One of Doha’s most impressive features is Education City, a sprawling complex on the outskirts of town that houses several U.S., U.K. and of course Qatar University. During my visit in February, I was wowed by the stellar architecture, beautiful public spaces and  unbridled enthusiasm that drifted through the complex’s open spaces.

Now student living will become more sustainable due to a new student housing complex that will open next year. The Qatar Foundation (which is behind the programs at Education City) project will feature solar panels generating energy atop parking structures, solar generated light bulbs, wind turbines, water recycling and key cards students must insert once they enter their rooms in order to access electricity. Most building materials will come from a 500 mile radius, and many of the buildings’ structures will be prefabricated, reducing waste and energy needed for construction. Naturally the facilities will score LEED certification.

With the effervescent Chris Silva leading this green building program, students will learn more about sustainability by context. Screens will flash red, yellow or green depending how daily energy consumption compares to the previous day, and students living within various floors will compete to gauge who can be the most energy efficient. Considering Qatar’s per capital carbon footprint, this will be a great start. This student housing project is one more reason why Qatar is becoming a leading Middle East and global sustainability laboratory.

Via The Peninsula, Gulf Times

Images courtesy Leon Kaye & Burns & McDonnell

Qatar, Doha, Education City, sustainability, green building, Qatar Foundation, Chris Silva, solar, water recycling, architecture, Chris Silva, energy efficiency, LEED, Qatar University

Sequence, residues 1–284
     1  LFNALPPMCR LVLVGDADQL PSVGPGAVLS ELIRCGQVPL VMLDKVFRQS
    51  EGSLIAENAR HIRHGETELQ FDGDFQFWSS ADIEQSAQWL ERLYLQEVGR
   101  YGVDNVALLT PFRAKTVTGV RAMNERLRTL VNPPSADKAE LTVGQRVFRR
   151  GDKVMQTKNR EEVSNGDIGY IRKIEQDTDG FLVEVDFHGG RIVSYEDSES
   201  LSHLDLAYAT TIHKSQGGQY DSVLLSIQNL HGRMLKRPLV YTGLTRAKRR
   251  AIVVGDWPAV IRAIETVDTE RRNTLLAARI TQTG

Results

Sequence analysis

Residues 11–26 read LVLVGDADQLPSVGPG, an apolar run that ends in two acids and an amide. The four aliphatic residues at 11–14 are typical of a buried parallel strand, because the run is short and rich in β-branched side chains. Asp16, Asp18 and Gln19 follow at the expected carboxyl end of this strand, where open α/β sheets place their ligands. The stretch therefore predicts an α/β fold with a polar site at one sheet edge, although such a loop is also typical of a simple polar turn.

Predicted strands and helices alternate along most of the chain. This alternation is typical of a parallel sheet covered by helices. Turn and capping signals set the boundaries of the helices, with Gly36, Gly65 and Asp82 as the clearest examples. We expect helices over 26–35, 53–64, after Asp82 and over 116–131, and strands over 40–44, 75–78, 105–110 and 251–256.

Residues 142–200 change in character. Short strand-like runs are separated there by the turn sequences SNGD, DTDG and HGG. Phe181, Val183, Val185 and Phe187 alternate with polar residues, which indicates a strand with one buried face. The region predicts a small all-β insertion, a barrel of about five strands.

Rendering of new student housing complex at Education City

About The Author

Leon Kaye

Leon Kaye is the founder and editor of Based in California, he specializes in social media consulting and strategic communications. A journalist and writer since 2009, his work has appeared on Triple Pundit , The Guardian's Sustainable Business site and has appeared on Inhabitat and Earth911. His focus is making the business case for sustainability and corporate social responsibility. Areas of interest include the <a Middle East, sustainable development in The Balkans, Brazil and Korea. He was a new media journalism fellow at the International Reporting Project, for which he covered child survival in India during February 2013. Contact him at You can also reach out via Twitter (Leon Kaye) and Instagram (GreenGoPost). Since 2013, he has spent much of his time in Abu Dhabi, UAE, working with Masdar, the emirate's renewable energy company. He lives in Fresno, California.